From The Philadelphia City Paper:
The scene: Philly, 1976. The city's most noted poet-rockers, Marty Watt and Kenn Kweder, were moving from Dylan to the punk verse of Jim Carroll and Patti Smith. Springsteen was still almost cool, having proved you could have bad hair and still be edgy.
Alan Mann entered gracefully. He released two albums, two EPs and three singles of jarring, sax-driven, new wave-ish ska and rock filled with dire poetry that Rimbaud would love. He topped it off with a nervous vocal take on Lou Reed's monotone and released the vinyl on his own or through tiny local independent labels.
He died not so gracefully, in October 1987, during a fire in his South Philly apartment.
He fell out a window. Or jumped. Some blamed his rumored heroin habit. Others pointed to his nihilism. And was it prescience or paranoia that led him to write a song about falling out a window years before?
That's the jerky version of things. The scene and its supposed saints of that time are long forgotten by most, long felt by others and unknown by anyone after.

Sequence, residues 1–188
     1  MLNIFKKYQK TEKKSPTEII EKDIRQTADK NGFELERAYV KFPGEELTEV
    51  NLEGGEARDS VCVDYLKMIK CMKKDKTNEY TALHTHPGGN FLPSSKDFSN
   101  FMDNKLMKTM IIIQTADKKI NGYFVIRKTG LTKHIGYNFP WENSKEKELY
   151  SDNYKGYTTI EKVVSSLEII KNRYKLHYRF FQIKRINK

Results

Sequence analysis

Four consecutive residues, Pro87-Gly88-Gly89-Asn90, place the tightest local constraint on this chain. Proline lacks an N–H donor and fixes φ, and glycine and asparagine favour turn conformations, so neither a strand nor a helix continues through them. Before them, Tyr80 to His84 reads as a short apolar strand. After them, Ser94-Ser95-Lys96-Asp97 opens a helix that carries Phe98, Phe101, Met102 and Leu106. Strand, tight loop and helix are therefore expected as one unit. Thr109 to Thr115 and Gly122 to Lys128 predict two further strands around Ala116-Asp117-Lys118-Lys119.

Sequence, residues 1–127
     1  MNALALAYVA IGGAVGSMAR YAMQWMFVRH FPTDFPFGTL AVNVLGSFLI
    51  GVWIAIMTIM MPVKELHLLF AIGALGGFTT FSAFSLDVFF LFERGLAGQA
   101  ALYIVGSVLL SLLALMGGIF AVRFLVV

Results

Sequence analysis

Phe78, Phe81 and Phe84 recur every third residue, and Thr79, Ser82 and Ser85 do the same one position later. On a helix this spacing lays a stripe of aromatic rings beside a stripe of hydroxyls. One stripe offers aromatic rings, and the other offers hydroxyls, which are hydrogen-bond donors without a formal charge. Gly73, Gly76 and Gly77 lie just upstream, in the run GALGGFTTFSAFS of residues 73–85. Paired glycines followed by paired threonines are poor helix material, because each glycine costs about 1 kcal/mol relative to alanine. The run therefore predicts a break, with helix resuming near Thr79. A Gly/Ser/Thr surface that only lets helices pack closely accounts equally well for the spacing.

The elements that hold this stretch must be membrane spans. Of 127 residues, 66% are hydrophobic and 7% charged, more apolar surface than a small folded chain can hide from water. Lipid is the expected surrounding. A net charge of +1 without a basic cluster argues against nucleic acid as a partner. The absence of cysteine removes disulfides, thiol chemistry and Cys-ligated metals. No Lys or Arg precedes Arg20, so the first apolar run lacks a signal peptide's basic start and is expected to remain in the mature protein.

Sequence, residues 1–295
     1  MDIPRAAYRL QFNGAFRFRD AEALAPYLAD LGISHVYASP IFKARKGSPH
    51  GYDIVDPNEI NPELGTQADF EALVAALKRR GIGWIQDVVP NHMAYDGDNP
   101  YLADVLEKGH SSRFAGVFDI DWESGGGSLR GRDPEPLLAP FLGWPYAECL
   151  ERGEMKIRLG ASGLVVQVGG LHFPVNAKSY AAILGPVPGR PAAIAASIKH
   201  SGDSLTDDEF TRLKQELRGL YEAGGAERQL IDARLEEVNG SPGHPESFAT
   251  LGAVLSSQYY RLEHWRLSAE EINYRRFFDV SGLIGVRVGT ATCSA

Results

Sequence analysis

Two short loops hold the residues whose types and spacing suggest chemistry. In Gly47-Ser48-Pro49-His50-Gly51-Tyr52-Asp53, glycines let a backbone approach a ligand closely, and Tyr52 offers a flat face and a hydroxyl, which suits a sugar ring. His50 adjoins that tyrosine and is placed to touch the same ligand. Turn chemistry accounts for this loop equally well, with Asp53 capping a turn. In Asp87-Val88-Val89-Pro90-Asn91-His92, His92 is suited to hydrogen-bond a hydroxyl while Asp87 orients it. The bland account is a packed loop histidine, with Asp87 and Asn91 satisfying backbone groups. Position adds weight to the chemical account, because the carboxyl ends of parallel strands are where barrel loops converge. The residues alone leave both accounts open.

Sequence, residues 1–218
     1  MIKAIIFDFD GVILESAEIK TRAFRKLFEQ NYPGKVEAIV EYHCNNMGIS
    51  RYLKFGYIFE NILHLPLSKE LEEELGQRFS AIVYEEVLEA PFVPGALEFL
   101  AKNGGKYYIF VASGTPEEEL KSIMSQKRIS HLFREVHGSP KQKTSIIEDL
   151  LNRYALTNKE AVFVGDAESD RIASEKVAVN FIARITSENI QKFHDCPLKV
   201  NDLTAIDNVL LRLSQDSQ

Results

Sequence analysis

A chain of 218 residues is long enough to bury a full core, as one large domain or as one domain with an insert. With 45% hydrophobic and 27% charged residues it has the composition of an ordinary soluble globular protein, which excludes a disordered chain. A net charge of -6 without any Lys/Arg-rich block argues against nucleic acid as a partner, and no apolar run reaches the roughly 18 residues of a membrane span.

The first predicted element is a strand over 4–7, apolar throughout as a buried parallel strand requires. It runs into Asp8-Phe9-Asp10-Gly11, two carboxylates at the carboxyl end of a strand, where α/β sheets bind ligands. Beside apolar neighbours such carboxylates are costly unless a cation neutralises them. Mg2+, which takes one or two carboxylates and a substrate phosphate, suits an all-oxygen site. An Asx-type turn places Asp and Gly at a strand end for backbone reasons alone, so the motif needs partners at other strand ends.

You can hardly find Alan Mann on Google. Auctions at eBay are devoid of his musical legacy -- such as 1976's eponymous LP; No Deal No Sleep, a 1981 EP released by then-manager (and now TLA Video GM) Rich Wolff on Contender Records; and early-'80s WMMR-rotation singles like "Christmas tn the Block" or "Fear of Heights."
"Alan was concerned with language and the power of music for change, a very serious cat," says Kweder. "We'd talk alliteration, the rhythm of words within lyrics, symbolism, metaphor. I rarely talked that type of "shop' with other songwriters. And he was recording and releasing his own music during a time when hardly anybody did those things."
Because, in an era of fakes who put on shows for the press, Mann was not Mr. Congeniality.